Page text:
Server Management

I’m planning to launch a fairly ambitious website. One of things that I need to be able to guarantee is the uptime of this website.

How can you guarantee the uptime of a website if it has a centralized database? If the database becomes inaccessible to the servers, then the website will obviously go down. So, how do companies prevent this? Do I have to have multiple copies of the server running at all times?

I was thinking about hosting my website on Google’s App Engine. I figure that it will cost about $0.60 per user per month for storage and not much for the entire site in terms of bandwidth and CPU usage. However, I’m a little nervous to do so because if I ever need to move to another service for any reason, I think it will be difficult to switch from using Big Table to another database technology.

Ideally, I would host the server myself. But, I don’t have the resources in terms of machines and bandwidth.

Does anyone have a suggestion on how I can be a little more comfortable with a choice of database and possible hosting options.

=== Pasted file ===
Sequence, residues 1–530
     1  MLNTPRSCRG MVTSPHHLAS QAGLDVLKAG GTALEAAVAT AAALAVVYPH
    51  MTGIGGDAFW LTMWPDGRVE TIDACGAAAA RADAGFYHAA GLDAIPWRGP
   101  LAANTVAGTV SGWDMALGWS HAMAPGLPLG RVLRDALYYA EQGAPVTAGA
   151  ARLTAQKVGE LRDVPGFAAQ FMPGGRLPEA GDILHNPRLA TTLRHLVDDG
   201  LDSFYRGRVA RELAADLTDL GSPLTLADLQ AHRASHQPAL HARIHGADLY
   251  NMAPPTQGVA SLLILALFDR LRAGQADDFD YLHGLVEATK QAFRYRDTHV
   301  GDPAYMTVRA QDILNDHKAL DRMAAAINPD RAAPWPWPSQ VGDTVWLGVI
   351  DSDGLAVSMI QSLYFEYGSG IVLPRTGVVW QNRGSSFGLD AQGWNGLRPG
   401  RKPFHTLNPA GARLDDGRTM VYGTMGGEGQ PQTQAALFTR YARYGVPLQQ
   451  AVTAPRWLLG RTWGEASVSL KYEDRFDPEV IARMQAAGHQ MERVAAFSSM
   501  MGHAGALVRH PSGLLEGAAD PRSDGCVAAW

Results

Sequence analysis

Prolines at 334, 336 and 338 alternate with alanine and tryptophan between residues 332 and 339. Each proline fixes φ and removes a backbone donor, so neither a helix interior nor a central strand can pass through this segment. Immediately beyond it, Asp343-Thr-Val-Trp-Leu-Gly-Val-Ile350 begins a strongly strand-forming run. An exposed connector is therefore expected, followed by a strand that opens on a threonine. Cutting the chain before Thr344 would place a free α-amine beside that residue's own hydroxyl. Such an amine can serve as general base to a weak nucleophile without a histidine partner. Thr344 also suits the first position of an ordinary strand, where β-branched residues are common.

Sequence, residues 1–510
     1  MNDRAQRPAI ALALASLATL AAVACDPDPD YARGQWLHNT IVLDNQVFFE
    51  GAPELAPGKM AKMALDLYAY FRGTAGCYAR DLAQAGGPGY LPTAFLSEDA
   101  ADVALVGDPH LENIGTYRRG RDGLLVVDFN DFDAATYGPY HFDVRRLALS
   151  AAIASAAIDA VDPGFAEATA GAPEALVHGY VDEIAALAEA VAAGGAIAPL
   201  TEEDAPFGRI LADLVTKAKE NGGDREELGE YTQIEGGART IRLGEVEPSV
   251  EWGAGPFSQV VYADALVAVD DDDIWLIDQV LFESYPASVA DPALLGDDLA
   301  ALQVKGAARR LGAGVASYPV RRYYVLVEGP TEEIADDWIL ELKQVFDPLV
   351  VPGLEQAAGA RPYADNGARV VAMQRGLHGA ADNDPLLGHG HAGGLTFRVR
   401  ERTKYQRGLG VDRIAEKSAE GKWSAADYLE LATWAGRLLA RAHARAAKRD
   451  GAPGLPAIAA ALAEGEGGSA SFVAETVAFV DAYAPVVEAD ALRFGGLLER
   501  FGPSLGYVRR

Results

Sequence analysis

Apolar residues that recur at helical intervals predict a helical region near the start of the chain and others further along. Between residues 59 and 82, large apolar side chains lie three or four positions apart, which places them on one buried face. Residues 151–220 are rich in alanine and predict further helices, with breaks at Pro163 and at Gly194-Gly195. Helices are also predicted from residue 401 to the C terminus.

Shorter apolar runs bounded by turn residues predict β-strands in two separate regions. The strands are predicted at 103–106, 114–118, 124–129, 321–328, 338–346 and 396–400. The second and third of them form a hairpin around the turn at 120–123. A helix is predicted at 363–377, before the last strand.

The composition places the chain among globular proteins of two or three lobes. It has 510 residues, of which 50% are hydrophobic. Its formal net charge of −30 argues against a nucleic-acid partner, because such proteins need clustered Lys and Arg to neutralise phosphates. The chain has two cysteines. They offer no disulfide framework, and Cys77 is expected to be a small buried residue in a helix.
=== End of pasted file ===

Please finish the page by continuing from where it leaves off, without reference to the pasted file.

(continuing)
If anyone knows of a cheap way that I could do this myself, I’d be most interested in that.

Thank you,

Ah, thats why I have never heard of mirroring. Been stuck in the world of MSSQL. No need to go to another DB, because SQL Server is to damn awesome. :wink: Thanks for the link, I am going to dig into it as a starting point, and even implement it ASAP. Hey, it’s nice to add it to a resume. :slight_smile: Thanks man.


Microsoft refer to it as clustering rather than mirroring as such. - should give you a start for reading about it :slight_smile:


Sorry, should have been more specific. I am using SQL Server 2008 Standard. Thanks for your help.

The best methods include mirrored database servers. If one goes down you still have another.

First time I have heard of mirrored databases. Curious, if I do this for myself, would that mean I need two db licences (per mirror) or one license (with separate DB’s under one umbrella) in order to do this? I would like to do that with SQL Server, that’s why I brought up multiple licenses. Thanks

What database are you using?